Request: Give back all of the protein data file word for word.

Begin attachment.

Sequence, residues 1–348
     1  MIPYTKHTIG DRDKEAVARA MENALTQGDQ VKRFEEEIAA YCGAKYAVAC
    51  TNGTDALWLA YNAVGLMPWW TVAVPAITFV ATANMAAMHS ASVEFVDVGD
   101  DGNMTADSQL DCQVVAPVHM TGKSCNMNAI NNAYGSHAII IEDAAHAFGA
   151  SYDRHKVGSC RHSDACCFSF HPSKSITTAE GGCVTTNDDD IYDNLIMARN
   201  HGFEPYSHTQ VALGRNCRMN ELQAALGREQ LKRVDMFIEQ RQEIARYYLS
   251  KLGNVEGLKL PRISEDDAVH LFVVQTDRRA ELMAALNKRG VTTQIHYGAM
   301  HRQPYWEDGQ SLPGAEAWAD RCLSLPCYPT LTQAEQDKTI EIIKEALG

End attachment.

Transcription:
Sequence, residues 1–348
     1  MIPYTKHTIG DRDKEAVARA MENALTQGDQ VKRFEEEIAA YCGAKYAVAC
    51  TNGTDALWLA YNAVGLMPWW TVAVPAITFV ATANMAAMHS ASVEFVDVGD
   101  DGNMTADSQL DCQVVAPVHM TGKSCNMNAI NNAYGSHAII IEDAAHAFGA
   151  SYDRHKVGSC RHSDACCFSF HPSKSITTAE GGCVTTNDDD IYDNLIMARN
   201  HGFEPYSHTQ VALGRNCRMN ELQAALGREQ LKRVDMFIEQ RQEIARYYLS
   251  KLGNVEGLKL PRISEDDAVH LFVVQTDRRA ELMAALNKRG VTTQIHYGAM
   301  HRQPYWEDGQ SLPGAEAWAD RCLSLPCYPT LTQAEQDKTI EIIKEALG